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I have 2 switches a procurve 1800-24g(24 port gigabit) and a 3com baseline 2928 -24 port gigabit switch.

I have a router with 4 ethernet ports(100 mb port)and trying to connect 12 machines on the whole network.

Presently only a single Procurve switch is used to connect all the computers.Would adding the additional switch improve bandwidth/latency if I connect both switches directly to router?Cabling used is Cat7.

Please advice what are the best ways to achieve best performance and improve latency?

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Are you having performance problems related to the network? If not, then why do you want to fix a problem that doesn't exist? –  joeqwerty Jul 7 '10 at 14:03

3 Answers 3

Connect your gigabit switches to each other, not the 100Mb router; otherwise the router becomes a bottleneck between the two halves of the network.

PS Cat7 is serious overkill unless you know you're getting crosstalk - you can run 10Gb over Cat6A, and even that is greater than the capacity of your network.

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This answer depends in large part on how and to what the 12 devices are talking.

Assuming the 12 devices are primarily communicating with each other, then keeping them on the same switch would give you the most performance.

If, however, they are primarily communicating with devices outside your network i.e. on the other side of your router, then the router's 100Mb interfaces become your bottleneck.

(Take this next section as somewhat hypothetical) If this in the case then you might be able to split your network up into two segments with 6 devices each and with two outbound interfaces (like a big 'X'). Assuming the switches support vlans, this could still be accomplished with only one switch.

There are other then other considerations such as: switch performance (i.e. non-blocking), network traffic patterns, routing architecture (asymmetric routing), etc.

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Shouldn't need another switch: that's a tiny network. I actually run internet for 500 people through a 4 port procurve switch.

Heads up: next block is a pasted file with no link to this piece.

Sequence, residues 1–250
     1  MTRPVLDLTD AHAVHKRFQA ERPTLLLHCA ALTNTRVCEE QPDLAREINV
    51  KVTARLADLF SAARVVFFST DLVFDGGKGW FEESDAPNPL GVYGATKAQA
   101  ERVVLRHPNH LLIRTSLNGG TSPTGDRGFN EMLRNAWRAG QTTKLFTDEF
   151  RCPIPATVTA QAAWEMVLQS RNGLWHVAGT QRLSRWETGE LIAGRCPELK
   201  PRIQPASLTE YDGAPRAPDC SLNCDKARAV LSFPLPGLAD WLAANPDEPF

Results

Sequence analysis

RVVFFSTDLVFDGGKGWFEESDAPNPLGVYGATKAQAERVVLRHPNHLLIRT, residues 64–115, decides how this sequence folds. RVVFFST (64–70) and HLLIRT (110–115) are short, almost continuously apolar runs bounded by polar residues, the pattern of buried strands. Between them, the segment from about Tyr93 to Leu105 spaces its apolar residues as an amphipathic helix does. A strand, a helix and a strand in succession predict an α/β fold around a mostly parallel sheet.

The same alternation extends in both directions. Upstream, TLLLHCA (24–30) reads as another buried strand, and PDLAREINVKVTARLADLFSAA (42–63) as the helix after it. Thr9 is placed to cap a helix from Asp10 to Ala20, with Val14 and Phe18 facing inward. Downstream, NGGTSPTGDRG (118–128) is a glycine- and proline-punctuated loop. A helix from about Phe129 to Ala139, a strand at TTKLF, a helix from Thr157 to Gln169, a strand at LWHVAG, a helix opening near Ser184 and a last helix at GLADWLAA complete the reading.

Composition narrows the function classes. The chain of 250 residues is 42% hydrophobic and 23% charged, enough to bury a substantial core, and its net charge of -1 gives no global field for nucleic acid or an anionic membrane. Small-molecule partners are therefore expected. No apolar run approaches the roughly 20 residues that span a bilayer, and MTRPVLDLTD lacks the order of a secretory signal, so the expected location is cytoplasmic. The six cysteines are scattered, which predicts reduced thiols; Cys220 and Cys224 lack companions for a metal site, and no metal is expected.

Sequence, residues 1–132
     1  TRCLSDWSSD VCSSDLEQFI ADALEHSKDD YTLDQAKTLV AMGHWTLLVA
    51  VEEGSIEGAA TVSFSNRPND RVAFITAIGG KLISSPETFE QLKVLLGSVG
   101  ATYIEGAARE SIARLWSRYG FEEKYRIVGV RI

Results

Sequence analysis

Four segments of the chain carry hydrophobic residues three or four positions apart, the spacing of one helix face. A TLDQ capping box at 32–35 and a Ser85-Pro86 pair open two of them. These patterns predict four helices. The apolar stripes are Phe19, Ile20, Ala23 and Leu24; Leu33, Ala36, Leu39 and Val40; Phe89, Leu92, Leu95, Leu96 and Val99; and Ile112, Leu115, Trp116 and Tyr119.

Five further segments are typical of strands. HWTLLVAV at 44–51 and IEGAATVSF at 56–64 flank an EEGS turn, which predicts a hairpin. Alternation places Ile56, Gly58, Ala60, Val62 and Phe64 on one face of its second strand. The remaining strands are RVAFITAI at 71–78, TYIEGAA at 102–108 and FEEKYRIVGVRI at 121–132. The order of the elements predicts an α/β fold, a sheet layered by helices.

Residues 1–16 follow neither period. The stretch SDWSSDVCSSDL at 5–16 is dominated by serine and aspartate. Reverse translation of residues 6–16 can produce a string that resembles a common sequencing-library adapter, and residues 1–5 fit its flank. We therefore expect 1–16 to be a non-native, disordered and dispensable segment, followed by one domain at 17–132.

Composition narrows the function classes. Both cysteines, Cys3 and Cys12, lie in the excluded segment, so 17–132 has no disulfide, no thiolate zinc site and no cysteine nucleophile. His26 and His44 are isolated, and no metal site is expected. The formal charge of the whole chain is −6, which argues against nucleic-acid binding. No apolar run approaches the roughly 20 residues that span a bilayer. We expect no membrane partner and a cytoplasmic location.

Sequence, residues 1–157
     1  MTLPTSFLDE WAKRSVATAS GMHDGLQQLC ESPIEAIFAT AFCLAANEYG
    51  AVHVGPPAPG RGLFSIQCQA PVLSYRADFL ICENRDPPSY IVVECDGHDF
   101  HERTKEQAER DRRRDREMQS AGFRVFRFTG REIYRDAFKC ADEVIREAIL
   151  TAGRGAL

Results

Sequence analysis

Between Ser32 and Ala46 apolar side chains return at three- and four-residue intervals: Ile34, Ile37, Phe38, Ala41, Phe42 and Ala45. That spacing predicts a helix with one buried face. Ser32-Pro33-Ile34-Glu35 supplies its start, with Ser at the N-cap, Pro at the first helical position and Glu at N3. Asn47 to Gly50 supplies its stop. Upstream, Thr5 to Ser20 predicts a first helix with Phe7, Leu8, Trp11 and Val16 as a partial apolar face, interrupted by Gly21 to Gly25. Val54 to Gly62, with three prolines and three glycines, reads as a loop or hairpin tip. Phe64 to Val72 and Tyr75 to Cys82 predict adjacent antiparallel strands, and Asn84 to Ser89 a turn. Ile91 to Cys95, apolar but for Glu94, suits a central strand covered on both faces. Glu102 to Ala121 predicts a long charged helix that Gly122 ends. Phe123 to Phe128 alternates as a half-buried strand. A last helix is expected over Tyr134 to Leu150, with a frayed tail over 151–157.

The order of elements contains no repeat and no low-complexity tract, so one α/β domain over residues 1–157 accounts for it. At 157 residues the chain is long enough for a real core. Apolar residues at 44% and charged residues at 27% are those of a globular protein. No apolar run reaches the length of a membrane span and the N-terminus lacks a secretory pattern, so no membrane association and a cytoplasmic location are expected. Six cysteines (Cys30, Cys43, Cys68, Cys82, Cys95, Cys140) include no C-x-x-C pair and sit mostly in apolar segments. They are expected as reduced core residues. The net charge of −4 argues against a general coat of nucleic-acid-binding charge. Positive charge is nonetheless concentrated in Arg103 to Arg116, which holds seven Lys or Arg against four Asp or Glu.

Your router is much more likely to be an issue, though, again, 12 people is pretty low.

Since you have a 100mb router and a 1gb switch, I'd make sure that those ports are talking to each other correctly. If possible, I'd set the port on the router and the port on the switch to autonegotiate (in my experience procurves aren't happy unless they're set to auto). If you can't set them to auto, better set them both to 100mb. If they're NOT talking correctly you can lose 80% of your bandwidth easily.

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I have an experince where the Procurve set to auto caused issues. It had to be set to 100 Full(in our case) on the switch and the device. Have also had this issue with a Cisco 1800 and a wiirelss WAN radio. AUt caused MANy dropped packets. But as @SatanicPuppy says, a misconfiguration can cause big problems. Do you have actual latency issues(numbers please?) –  Dave M Jul 7 '10 at 14:21
    
@Dave M: My problem was that one side was set to auto and the other WASN'T. I assumed that the one that was would correctly match with the one that wasn't. Long story short: it didn't. –  Satanicpuppy Jul 7 '10 at 15:32
    
We have had support folks tell us Auto/Auto is perfect. Next person says no and that fixes the issue. This used to be very common a few years ago. We still have several devices where documentation shows maual set only on both devices. –  Dave M Jul 7 '10 at 17:46
    
@Dave M: Yea, I've heard exactly the same. What I've heard from various router support people is that that "used" to be the case but that it's "better" now. It did fix my problem to move it from manual to auto, but that's just anecdotal. –  Satanicpuppy Jul 7 '10 at 19:58

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